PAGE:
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The narrow gap semiconductor FeSi owes its strong paramagnetism to electron-correlation effects. Partial Co substitution for Fe produces a spin-polarized doped semiconductor. The spin polarization causes suppression of the metallic reflectivity and increased scattering of charge carriers, in contrast to what happens in other magnetic semiconductors, where magnetic order reduces the scattering. The loss of metallicity continues progressively even into the fully polarized state, and entails as much as a 25% reduction in average mean-free path. We attribute the observed effect to a deepening of the potential wells presented by the randomly distributed Co atoms to the majority spin carriers. This mechanism inverts the sequence of steps for dealing with disorder and interactions from that in the classic Al'tshuler Aronov approach-where disorder amplifies the Coulomb interaction between carriers-in that here, the Coulomb interaction leads to spin polarization which in turn amplifies the disorder-induced scattering. © 2006 The American Physical Society.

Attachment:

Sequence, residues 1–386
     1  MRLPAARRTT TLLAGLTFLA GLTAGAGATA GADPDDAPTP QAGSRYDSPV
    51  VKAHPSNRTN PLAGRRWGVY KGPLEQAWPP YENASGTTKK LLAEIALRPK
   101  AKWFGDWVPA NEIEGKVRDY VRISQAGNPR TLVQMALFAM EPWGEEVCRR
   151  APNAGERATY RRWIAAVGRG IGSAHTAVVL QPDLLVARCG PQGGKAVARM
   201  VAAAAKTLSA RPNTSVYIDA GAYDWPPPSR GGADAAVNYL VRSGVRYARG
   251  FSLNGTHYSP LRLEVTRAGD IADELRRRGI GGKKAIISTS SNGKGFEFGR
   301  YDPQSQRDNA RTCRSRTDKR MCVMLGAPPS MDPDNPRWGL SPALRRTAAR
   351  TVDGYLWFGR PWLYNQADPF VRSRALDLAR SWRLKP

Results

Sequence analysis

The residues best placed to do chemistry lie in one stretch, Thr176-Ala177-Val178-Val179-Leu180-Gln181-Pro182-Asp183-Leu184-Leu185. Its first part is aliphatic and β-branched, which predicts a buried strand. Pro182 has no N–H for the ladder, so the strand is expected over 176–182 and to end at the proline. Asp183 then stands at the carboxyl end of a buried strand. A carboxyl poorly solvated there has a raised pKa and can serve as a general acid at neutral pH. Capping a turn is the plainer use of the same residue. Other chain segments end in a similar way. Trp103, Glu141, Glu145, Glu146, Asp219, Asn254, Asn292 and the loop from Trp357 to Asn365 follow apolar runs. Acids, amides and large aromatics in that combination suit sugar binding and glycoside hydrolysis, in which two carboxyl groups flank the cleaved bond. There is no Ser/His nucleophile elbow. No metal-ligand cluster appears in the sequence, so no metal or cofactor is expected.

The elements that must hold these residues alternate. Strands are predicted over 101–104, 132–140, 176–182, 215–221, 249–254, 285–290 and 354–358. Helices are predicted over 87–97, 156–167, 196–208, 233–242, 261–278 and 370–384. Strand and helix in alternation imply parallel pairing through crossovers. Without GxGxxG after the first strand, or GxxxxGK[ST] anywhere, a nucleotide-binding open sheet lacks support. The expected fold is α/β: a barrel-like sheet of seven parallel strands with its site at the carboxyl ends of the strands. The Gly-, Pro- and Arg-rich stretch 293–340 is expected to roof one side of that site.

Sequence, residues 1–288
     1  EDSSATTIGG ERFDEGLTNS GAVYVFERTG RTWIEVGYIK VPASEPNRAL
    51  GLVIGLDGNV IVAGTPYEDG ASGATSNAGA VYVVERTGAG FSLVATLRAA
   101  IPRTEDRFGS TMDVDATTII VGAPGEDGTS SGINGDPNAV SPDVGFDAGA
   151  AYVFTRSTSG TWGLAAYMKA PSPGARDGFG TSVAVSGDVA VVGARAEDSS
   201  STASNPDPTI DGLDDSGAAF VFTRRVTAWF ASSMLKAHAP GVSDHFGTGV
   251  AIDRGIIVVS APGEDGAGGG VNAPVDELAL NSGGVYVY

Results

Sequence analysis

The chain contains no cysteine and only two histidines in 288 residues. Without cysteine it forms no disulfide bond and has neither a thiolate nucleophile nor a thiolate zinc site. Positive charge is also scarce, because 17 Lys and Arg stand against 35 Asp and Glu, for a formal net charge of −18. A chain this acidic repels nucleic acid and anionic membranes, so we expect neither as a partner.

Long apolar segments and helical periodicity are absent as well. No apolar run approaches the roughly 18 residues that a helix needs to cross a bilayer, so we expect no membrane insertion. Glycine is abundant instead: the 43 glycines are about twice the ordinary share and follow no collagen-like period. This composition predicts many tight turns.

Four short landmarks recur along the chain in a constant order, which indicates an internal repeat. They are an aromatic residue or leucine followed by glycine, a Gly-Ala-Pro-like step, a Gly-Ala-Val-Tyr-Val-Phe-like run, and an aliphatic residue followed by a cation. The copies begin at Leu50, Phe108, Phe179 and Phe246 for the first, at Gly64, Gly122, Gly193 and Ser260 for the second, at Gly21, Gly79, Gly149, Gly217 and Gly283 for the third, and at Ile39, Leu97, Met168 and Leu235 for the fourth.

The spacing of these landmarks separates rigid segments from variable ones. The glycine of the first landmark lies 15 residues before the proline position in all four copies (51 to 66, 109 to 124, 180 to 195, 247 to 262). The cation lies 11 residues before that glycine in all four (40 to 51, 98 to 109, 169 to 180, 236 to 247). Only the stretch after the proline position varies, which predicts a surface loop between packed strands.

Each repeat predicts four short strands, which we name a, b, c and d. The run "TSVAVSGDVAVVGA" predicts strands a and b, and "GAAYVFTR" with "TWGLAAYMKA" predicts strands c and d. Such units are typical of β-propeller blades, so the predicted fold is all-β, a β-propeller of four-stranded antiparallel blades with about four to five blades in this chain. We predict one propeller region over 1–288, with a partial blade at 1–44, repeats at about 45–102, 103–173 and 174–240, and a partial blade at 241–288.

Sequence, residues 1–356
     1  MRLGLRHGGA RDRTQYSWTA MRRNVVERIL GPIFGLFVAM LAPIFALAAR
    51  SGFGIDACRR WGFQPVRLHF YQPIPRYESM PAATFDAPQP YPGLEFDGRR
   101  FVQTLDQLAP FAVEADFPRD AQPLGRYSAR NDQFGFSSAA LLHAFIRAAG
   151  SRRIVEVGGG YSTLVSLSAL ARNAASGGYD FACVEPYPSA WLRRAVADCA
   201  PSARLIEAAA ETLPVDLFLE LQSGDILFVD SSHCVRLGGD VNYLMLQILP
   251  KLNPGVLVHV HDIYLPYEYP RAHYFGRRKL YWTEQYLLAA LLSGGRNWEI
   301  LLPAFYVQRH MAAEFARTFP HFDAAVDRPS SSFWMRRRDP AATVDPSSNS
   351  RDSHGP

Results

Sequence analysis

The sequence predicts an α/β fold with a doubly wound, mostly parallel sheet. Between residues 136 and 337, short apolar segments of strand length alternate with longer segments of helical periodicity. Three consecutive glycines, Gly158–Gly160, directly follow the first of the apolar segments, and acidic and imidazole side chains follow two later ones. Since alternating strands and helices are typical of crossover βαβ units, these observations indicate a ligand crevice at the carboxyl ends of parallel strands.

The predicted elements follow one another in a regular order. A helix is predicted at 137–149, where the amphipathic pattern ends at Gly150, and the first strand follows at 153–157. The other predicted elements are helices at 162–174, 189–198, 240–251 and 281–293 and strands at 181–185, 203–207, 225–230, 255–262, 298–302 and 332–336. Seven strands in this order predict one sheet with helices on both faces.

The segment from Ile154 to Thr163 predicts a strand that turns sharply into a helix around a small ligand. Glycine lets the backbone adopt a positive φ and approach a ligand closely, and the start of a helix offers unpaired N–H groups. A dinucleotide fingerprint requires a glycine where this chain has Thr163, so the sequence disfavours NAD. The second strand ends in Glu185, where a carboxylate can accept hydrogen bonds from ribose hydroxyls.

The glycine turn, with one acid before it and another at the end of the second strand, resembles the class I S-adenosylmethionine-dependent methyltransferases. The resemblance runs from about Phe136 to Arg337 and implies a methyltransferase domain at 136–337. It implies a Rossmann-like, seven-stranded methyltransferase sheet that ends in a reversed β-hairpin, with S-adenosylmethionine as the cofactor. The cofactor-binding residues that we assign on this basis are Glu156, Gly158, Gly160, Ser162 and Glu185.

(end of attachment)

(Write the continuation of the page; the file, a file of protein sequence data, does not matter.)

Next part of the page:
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Physical Review B - Condensed Matter and Materials Physics